Figure 3.
 
Confocal microscopic images of the intraocular and retinal distribution of intravitreally injected nanoparticles (25 nm, red fluorescent; 250 nm, green fluorescent). (A, B) Image taken at 14 days after injection. Nanoparticles spread to the posterior vitreous and accumulated in the retinal layers. (C, D) Images taken at 21 days after injection. The red nanoparticles were eliminated through the ciliary body and spread to the uveal tissue and suprachoroidal space. Conversely, green nanoparticles were not observed in the suprachoroidal space. (E–H) Magnified image of the retinal layer of red and green nanoparticles after 21 days after injection. The white arrows indicate the red nanoparticles in the choroid, retina, and suprachoroidal space.
Intraocular Kinetics of Nanoparticles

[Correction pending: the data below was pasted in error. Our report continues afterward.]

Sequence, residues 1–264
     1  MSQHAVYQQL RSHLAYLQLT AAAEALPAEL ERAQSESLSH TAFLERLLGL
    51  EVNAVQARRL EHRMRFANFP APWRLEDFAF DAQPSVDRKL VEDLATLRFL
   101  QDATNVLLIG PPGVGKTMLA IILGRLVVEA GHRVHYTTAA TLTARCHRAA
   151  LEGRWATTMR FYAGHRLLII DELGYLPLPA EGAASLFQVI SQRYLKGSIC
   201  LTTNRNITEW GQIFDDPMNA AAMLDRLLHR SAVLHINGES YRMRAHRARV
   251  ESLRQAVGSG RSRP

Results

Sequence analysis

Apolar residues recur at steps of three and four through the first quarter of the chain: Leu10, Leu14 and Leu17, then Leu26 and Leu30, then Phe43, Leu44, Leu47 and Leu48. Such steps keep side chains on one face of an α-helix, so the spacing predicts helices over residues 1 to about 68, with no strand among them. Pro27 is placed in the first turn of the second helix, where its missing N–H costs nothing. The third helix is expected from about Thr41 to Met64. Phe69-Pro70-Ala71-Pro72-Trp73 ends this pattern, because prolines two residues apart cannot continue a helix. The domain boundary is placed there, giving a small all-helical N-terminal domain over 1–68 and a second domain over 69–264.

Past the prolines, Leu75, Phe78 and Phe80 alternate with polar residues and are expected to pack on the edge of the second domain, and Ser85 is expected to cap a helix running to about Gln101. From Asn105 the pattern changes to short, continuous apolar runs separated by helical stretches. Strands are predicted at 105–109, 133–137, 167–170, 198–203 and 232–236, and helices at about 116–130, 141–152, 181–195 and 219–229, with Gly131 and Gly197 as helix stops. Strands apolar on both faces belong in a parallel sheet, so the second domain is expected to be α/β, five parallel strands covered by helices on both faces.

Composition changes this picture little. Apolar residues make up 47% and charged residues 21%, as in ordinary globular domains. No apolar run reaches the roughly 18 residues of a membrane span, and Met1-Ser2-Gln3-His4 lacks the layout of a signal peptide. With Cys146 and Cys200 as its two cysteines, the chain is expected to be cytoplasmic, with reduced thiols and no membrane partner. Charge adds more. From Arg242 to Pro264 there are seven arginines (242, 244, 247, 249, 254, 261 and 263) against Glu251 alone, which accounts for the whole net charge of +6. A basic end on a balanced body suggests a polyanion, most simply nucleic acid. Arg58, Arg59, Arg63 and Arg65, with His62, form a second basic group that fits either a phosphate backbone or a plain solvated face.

The average optical density of fluorescence and the concentration of nanoparticles are summarized in Supplementary data: Supplementary Table S1 (25 nm micromer), Supplementary Table S2 (250 nm micromer), Supplementary Table S3 (50 nm Fluoresbrite), and Supplementary Table S4 (200 nm Fluoresbrite). Six time points (1 hour, 1 day, 7 days, 14 days, 21 days, and 30 days) were set for 25 nm and 250 nm nanoparticles, and five time points (1 hour, 1 day, 7 days, 14 days, and 30 days) were set for 50 nm and 200 nm nanoparticles, respectively. Figure 4 plots the graphs of the optical densities of the nanoparticles in the vitreous (Fig. 4A and 4B) and percentage ratio of the nanoparticles concentration in the vitreous after intravitreal injection (Fig. 4C), which shows a gradual decrease of nanoparticles according to their molecular sizes. From the data summarized in the supplementary tables, we derived the equations for the postinjection optical densities of various sized nanoparticles (Fig. 4A and 4B). Larger nanoparticles show relatively retained concentration level in the vitreous compared to the smaller nanoparticles. Overall, after the final 30 days postinjection period, the average percentage ratio of the nanoparticles is documented : 61.1% (25 nm), 69.1% (50 nm), 78.6% (200nm), and 85.3% (250 nm), which are statistically significant among each other (all P < 0.001, except 25 nm vs 50 nm [P = .004] and 200 nm vs 250 nm [P = .005]).